As many people have found, once you get into debt, it can be very hard to get out of it especially without a plan.

With bank overdraft charges, the cost of interest on late credit cards or loan payments, and other charges often made when you fell behind, defaulting on debt can get very expensive.

There’s good news for the hundreds of thousands of people struggling with debt problems. The Government announced its new Debt Respite Scheme on 4th May 2021. Under this new ‘breathing space’ initiative, those in debt will benefit from a 60-day ‘grace period’ without charges racking up, worrying letters and enforcement action.

The Government stated that 700,000 people could benefit from this ‘breathing space’, so we’ve compiled everything you need to know about the scheme, who’s eligible and how you can apply.

Anyone in debt in England and Wales can apply, but you must meet the eligibility criteria, as follows:

  • Be an individual
  • Owe at least one ‘qualifying debt’ to a creditor including:
    • Credit cards
    • Store cards
    • Personal loans
    • Pay day loans
    • Overdrafts
    • Utility bill arrears
    • Mortgage or rent arrears
    • Government debts like tax and benefit debts
  • You must not be currently using other official ways of managing debt such as an Individual Voluntary Arrangement (IVA)
  • You must not be an undischarged bankrupt
  • You must not already have a breathing space or have had a standard breathing space in the last 12 months at the time they apply

The debt adviser must also be satisfied that their client cannot, or is unlikely to be able to, repay all or some of their debt and a breathing space is appropriate for their client.

  • Secured debts (like mortgages, hire purchases or conditional sale agreements). You can only include arrears on these debts that exist at the data of an application for a breathing space
  • Debt incurred from fraud or fraudulent breach of trust
  • Liabilities to pay fines imposed by court for an offence
  • Child maintenance
  • Student loans
  • Advance payments of Universal Credit

You can access the scheme via a professional debt adviser and provide details about your debt. Although all applications must be considered, the debt advisor may decide that Breathing Space is not appropriate for the debt.

In order for your debt adviser to apply, you need to provide them with your:

  • Full name
  • Date of birth
  • Usual residential address
  • Details of the debts you owe, including the type of debt
  • The name and contact details for the creditor
  • Trading name or names and business address
  • Previous addresses

Your debt adviser will complete an application to the Insolvency Service, which administers the scheme. Once your application is submitted, your Breathing Space will start. You will receive a notification electronically or via post telling you the Breathing Space start date and details of your qualifying debt. If you have more than one debt, you will receive a notification for each debt.

Breathing Space is a temporary fix. You will need to continue working with your debt adviser to make a plan to deal with your debts.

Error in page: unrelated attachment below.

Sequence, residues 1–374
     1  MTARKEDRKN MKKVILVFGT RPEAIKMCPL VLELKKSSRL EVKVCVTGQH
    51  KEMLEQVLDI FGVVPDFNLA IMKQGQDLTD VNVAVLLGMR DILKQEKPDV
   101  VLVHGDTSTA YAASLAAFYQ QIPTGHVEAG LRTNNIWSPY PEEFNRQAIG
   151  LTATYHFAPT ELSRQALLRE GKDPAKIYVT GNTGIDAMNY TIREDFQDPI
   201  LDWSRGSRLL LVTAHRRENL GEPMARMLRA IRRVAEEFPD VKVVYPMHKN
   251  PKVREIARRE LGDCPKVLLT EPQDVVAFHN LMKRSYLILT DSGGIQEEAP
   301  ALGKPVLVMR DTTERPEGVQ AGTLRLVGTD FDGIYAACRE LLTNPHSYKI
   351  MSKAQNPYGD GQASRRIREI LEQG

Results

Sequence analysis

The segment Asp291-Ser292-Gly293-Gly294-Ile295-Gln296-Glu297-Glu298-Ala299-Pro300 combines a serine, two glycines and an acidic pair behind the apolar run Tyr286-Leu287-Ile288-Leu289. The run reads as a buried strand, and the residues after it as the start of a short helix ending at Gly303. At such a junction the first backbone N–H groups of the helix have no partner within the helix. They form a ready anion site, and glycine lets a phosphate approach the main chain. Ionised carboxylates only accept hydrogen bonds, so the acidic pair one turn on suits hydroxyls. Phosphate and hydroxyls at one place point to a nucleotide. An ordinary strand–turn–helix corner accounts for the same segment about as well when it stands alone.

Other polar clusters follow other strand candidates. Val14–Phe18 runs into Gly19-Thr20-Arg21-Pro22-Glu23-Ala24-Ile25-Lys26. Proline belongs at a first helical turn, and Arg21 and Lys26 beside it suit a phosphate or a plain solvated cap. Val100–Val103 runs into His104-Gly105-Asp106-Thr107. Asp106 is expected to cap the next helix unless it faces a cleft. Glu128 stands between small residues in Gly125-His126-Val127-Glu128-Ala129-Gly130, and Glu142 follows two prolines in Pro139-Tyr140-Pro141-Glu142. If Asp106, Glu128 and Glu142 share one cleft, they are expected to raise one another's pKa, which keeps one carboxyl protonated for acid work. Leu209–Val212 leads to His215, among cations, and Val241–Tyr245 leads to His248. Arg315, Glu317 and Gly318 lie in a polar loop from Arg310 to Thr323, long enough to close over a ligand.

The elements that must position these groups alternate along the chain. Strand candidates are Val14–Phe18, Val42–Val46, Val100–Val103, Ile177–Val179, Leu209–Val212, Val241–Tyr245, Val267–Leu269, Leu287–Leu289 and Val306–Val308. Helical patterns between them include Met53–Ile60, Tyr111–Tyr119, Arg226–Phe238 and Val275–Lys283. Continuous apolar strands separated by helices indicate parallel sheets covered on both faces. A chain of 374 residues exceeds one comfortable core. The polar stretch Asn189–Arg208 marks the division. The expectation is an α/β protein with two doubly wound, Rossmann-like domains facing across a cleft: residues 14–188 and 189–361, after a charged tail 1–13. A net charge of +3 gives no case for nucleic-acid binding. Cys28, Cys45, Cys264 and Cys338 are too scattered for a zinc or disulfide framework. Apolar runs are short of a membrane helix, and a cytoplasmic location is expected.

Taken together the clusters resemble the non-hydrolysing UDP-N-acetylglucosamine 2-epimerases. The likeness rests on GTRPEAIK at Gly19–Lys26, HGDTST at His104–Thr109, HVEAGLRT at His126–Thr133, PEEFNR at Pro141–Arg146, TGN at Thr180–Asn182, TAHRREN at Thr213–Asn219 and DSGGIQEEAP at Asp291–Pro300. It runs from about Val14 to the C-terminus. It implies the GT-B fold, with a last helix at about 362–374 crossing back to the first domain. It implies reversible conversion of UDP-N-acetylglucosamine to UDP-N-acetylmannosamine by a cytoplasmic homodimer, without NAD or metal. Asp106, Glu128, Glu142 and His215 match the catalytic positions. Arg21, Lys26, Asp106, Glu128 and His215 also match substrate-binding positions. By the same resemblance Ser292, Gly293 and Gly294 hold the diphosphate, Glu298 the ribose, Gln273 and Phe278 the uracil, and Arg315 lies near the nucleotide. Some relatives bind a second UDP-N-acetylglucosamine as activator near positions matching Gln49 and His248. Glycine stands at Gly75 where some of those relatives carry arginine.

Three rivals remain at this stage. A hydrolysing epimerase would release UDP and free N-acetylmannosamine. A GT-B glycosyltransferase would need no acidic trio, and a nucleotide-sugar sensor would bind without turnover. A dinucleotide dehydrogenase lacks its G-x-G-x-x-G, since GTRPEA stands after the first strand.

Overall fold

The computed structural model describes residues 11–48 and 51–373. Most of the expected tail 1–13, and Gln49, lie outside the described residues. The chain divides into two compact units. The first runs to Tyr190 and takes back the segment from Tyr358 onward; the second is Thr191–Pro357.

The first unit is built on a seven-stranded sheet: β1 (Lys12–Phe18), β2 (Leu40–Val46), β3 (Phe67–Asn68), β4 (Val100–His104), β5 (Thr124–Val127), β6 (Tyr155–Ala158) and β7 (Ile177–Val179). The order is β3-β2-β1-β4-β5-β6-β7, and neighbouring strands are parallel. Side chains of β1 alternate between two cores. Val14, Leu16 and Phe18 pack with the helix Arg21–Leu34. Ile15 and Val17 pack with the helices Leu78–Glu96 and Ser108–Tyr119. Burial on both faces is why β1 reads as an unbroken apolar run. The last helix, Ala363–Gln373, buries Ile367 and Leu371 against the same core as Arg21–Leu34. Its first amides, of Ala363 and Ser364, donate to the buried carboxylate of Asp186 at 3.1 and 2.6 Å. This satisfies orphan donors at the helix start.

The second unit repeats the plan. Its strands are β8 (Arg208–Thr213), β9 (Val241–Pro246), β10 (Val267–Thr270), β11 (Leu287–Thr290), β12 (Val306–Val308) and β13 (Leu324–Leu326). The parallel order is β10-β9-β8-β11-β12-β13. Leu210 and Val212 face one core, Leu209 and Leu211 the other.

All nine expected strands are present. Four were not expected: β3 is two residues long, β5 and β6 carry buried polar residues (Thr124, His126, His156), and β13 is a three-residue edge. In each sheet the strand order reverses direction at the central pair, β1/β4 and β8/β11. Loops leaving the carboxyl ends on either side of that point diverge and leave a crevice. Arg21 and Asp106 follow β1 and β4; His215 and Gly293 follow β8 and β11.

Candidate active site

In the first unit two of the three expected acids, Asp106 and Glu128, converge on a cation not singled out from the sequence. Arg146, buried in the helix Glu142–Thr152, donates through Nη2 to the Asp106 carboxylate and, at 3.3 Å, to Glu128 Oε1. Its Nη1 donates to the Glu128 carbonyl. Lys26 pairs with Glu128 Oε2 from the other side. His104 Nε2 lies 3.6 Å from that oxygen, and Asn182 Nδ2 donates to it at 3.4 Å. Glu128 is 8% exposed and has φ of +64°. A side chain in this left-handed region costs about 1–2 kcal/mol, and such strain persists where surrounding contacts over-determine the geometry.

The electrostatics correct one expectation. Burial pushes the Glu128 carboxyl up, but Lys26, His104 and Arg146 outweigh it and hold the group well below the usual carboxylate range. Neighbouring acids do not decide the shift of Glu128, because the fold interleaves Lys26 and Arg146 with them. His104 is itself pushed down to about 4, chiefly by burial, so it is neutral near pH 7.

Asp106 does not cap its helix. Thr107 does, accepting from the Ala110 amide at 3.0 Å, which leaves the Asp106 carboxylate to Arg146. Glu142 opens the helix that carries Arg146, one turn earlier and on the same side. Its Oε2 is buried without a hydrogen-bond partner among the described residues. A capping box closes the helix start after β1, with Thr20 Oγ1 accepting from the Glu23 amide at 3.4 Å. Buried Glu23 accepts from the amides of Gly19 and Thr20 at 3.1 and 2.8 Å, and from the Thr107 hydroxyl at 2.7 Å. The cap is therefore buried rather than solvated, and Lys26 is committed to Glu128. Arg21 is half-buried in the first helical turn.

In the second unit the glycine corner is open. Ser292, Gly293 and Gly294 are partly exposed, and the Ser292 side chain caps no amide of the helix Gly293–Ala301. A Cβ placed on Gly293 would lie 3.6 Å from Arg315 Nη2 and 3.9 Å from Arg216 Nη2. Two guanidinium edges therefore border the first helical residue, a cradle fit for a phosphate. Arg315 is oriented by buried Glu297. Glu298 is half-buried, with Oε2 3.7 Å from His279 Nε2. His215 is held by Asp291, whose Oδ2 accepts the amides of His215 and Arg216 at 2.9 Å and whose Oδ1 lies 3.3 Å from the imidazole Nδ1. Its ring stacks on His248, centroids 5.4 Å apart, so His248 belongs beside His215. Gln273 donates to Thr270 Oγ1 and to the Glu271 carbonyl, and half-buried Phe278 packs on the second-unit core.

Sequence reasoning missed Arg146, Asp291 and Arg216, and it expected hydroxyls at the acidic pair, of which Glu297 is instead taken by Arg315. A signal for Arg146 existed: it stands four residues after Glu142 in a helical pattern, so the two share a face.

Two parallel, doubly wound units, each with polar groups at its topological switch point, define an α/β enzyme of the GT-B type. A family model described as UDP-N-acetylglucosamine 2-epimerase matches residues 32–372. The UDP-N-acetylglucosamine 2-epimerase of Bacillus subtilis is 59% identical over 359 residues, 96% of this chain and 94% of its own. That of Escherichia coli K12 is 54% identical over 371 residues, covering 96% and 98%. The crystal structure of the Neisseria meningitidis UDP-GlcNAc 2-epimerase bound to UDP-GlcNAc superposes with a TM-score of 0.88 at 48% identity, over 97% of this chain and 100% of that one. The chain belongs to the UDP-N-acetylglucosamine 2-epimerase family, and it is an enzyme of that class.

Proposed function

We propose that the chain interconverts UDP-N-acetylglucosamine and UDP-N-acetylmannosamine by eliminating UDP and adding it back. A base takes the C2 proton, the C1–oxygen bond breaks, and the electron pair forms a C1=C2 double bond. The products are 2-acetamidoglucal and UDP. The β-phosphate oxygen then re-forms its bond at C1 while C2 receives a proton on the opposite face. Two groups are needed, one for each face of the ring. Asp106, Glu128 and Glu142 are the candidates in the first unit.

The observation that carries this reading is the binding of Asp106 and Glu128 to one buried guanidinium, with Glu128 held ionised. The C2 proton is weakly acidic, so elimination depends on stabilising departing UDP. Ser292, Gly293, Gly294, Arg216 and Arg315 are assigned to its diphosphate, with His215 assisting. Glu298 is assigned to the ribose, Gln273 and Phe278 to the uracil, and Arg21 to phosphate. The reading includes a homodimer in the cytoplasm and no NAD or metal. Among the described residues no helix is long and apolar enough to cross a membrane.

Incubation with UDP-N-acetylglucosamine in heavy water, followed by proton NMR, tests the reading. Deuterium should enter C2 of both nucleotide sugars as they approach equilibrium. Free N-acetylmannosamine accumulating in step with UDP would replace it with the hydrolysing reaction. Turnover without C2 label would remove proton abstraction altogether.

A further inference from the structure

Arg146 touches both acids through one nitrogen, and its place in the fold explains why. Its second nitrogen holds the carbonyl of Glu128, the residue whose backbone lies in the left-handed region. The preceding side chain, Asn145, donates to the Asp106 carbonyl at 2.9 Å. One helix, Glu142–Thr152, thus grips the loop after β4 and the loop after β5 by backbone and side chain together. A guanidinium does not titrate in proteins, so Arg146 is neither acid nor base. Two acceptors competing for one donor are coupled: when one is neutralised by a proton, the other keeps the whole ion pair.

If you can, you still need to make certain payments during a breathing space. Whilst the creditor cannot enforce the debt or charge interest or fees, you’re still legally required to pay what you owe. A Breathing Space is not a payment holiday. Instead, it’s an opportunity to get a handle on your finances without scary letters and big fees piling up.

You also cannot take out more than £500 in additional credit whilst in a Breathing Space.

There are many reasons why your debt adviser might feel a Breathing Space is not for you. These may be the form of debt or if you have assets you could sell to pay the debt off quickly — or they may consider it in your best interests to go straight into a debt solution such as an IVA.

If an Approved Mental Health Professional certifies that a person is receiving mental health crisis treatment, this evidence can be used by a debt advice provider to initiate a Mental Health Crisis Breathing Space (MHCBS).

The MHCBS is a little different to a standard Breathing Space and has stronger protections than a standard breathing space. For example, the MHCBS lasts as long as a person’s mental health crisis treatment, plus 30 days (no matter how long the crisis treatment lasts)

In addition to the debtor, the following people can apply to a debt adviser on behalf of a debtor for a mental health crisis breathing space:

  • any debtor receiving mental health crisis treatment
  • the debtor’s carer
  • Approved Mental Health Professionals
  • care co-ordinators appointed for the debtor
  • mental health nurses
  • social workers
  • independent mental health advocates or mental capacity advocates appointed for the debtor
  • a debtor’s representative

The debtor must still meet the same criteria and conditions for a standard breathing space, but they must also be receiving mental health crisis treatment at the time that an application is made. A debtor who has had a standard or mental health crisis breathing space in the last 12 months may be eligible for a mental health crisis breathing space.

There is no limit to how many times a debtor can enter a mental health crisis breathing space.

If you don’t already have a debt adviser, contact a debt help charity such as Citizens AdviceStepChangeNational Debtline and CAP. If you have any questions or need any help with this, get in contact with your Client Manager and they can help point you in the right direction.

If you are a creditor and would like support and guidance on how to deal with cases where your customers / debtors go into a breathing space, contact Rachel Addai, Partner at Judge & Priestly by emailing

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Emma White



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